Sergey, I really appreciate the offer! I may take you up on it but probably only when I’m in a position to pay you for the work. (since this is what you do at mintflow)
We do not charge for something that doesn’t take long to explain.
Also, I think it will be helpful for others as well if you can post it here.
I’ll attach some thoughts here these days.
@lottemint.md Constructive feedback is always appreciated! Our team worked hard to review and create these for the community, so if you or anyone else spots alternative data structures or ideas for building these apps, we will absolutely work to incorporate them. These tutorials are meant to be a community resource, so we’re always down to credit folks who give strong community contributions!
Ok Sergey, bear with me, we’re going back several weeks and a lot has changed since then (and my memory is imperfect for sure).
The basics: building a personal task app – mostly for my wife.
At the time, I had 3 basic Things:
- Task Lists
(screen shots of those data things to follow below)
I was working on displaying a User’s task lists and their tasks, so I had a horizontal repeating group that contained the user’s task lists. (I don’t have any screenshots of the page at that time)
Within each cell of the HRG was/is a vertical RG displaying that list’s tasks … pretty simple right?
At the time, I thought, I don’t need to have a mutual relationship between users and tasks (or task lists for that matter) I can just look up the relevant task list by the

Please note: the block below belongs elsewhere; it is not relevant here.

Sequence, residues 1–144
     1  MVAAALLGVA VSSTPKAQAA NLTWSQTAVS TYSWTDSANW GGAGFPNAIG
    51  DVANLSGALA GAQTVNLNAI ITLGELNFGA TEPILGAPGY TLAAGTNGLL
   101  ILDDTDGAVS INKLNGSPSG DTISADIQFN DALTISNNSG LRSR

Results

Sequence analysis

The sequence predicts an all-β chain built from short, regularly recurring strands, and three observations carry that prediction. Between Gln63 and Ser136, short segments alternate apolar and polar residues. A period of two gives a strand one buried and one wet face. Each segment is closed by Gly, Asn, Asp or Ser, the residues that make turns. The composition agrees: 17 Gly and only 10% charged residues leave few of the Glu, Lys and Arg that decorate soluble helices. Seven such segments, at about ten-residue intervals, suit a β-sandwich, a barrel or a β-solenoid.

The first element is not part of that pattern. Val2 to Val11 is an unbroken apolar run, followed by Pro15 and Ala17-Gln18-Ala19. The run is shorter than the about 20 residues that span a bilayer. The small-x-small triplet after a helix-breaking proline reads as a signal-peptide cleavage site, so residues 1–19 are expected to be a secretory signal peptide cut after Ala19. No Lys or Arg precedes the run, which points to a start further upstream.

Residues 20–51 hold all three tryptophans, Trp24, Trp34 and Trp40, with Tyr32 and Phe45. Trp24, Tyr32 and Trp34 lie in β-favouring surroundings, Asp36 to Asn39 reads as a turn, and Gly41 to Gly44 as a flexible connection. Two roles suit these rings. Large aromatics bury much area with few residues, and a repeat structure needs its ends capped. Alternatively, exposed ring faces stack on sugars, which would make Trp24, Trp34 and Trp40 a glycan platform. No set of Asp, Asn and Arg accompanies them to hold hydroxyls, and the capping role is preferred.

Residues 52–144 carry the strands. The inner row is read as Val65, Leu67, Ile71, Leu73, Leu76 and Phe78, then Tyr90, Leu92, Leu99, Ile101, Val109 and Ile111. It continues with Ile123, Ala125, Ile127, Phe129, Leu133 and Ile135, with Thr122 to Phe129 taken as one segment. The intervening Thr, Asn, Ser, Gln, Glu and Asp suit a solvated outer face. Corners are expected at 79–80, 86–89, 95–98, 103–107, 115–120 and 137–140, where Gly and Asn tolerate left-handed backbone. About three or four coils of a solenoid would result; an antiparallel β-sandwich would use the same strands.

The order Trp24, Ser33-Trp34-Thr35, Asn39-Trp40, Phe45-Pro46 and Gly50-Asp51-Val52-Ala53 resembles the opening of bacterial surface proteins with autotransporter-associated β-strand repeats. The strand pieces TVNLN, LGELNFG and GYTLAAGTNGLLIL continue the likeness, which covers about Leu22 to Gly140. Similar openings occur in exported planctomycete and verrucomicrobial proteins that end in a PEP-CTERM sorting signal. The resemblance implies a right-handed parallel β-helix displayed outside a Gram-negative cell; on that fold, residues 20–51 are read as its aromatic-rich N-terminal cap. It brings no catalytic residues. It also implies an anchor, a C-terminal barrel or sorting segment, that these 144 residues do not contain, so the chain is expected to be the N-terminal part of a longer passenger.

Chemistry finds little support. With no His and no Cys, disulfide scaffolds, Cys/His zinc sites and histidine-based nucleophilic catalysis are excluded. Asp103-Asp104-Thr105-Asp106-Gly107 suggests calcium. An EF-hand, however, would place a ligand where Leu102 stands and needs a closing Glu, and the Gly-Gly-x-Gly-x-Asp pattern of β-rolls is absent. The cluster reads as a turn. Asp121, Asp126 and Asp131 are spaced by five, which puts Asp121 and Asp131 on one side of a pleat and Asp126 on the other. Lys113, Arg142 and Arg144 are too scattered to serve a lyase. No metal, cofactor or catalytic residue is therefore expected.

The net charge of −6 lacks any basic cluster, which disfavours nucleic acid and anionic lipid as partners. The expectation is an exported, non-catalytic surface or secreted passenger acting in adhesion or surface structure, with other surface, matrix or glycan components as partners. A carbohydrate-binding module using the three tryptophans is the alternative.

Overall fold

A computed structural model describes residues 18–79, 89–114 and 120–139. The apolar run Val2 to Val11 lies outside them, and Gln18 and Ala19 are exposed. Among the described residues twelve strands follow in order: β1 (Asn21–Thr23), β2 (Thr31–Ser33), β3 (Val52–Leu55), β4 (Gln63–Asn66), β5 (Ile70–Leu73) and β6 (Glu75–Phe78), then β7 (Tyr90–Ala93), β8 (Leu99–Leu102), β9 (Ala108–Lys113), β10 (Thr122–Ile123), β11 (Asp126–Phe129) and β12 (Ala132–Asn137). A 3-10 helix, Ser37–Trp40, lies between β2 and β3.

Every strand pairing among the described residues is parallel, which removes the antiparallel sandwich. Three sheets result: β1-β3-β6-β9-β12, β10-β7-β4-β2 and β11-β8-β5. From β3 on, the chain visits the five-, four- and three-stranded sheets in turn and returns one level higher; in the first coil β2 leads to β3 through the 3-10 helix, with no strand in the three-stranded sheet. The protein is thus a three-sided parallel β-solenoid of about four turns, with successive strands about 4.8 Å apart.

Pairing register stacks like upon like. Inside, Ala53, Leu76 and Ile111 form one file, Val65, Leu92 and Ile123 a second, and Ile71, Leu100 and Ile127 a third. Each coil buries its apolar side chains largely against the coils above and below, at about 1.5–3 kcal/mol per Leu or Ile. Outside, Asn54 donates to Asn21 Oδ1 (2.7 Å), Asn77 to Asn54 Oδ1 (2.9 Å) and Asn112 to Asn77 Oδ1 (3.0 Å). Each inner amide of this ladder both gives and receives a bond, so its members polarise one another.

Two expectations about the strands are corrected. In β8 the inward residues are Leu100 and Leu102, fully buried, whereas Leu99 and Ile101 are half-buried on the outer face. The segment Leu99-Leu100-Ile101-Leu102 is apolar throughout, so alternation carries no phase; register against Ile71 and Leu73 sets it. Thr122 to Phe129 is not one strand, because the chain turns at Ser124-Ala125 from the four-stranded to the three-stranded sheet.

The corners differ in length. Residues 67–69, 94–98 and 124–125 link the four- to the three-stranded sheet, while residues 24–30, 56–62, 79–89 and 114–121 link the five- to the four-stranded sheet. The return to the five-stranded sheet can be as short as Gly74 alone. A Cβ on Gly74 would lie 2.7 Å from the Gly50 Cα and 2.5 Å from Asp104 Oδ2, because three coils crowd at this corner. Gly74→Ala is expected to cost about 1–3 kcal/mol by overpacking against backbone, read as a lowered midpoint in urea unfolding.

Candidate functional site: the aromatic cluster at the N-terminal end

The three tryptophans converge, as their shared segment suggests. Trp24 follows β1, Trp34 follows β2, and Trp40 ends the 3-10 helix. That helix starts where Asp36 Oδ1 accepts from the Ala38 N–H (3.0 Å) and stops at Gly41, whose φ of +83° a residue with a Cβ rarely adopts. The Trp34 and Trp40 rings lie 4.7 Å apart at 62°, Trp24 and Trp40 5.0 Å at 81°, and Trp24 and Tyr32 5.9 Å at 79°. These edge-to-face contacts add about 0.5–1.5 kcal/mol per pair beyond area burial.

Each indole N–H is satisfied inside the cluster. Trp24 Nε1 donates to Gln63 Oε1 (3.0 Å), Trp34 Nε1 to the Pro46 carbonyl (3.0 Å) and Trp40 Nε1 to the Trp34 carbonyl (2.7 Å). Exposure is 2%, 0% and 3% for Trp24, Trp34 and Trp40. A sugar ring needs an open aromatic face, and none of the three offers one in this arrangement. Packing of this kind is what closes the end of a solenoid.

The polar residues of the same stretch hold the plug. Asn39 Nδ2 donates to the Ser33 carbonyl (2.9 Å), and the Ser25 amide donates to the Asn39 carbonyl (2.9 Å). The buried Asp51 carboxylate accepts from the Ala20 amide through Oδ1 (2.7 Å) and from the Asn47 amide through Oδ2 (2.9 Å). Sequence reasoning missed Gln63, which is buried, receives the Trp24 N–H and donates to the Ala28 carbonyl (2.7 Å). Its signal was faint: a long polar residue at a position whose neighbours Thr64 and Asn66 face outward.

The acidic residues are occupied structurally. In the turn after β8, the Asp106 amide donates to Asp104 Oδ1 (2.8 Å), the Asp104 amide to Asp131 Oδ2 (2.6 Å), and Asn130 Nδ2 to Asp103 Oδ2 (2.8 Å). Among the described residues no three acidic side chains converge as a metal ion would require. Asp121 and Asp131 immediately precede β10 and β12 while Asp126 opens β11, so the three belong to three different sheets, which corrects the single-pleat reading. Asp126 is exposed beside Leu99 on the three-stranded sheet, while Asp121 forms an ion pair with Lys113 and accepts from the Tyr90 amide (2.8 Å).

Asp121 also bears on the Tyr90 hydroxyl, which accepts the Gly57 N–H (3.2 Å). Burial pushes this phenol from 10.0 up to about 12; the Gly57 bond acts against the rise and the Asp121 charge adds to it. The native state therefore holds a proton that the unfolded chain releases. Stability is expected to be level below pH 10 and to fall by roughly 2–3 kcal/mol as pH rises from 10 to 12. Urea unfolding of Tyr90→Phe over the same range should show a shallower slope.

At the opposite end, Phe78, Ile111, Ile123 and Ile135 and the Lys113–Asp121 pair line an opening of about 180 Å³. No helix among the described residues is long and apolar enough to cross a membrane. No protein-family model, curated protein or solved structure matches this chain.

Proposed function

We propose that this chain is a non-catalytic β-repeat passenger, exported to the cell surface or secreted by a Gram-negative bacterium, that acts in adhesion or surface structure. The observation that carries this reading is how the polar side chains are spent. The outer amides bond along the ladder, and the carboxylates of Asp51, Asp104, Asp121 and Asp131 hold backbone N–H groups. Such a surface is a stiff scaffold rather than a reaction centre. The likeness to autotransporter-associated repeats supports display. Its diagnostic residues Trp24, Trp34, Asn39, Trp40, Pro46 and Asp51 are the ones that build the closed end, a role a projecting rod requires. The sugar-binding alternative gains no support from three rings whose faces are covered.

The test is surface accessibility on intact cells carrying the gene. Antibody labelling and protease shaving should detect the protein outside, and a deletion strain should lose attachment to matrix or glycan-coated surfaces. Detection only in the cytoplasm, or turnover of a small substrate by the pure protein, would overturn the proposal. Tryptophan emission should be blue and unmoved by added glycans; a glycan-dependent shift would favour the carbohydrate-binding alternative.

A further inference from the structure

owner field on task lists (or on tasks) and look up task list affiliation by the
task list field on the task.
This is a current screenshot, but the result at the time was very similar:
However, even with a very small number of task lists (let’s guess it was around 5 at the time) and a small number of tasks (<50) the nested RG took 2-5 seconds to return and render. Now I’m on a free plan so it’s not like I’m expecting blazing speed but this was s-l-o-w. Keep in mind, other than filtering for the Current User, I wasn’t doing any other filtering on the RGs yet so I had to find a different solution. So I did some digging on the forums and a lot of folks recommended keeping lists of the user’s things on the user object so that you weren’t traversing the whole table to get just a few results. Tried that out and it does indeed return faster so I switched wholesale to that model.
Data Model Screen Shots:
(red bars are striking out things/fields that did not exist at the time)
Task List Thing
That’s what Josh was also explaining in of the numerous performance Q&As.
So yes, I agree with @lottemint.md that it’s best to suggest a more scalable data model for the beginners.
It is like a series of sieves with increasingly narrower mesh.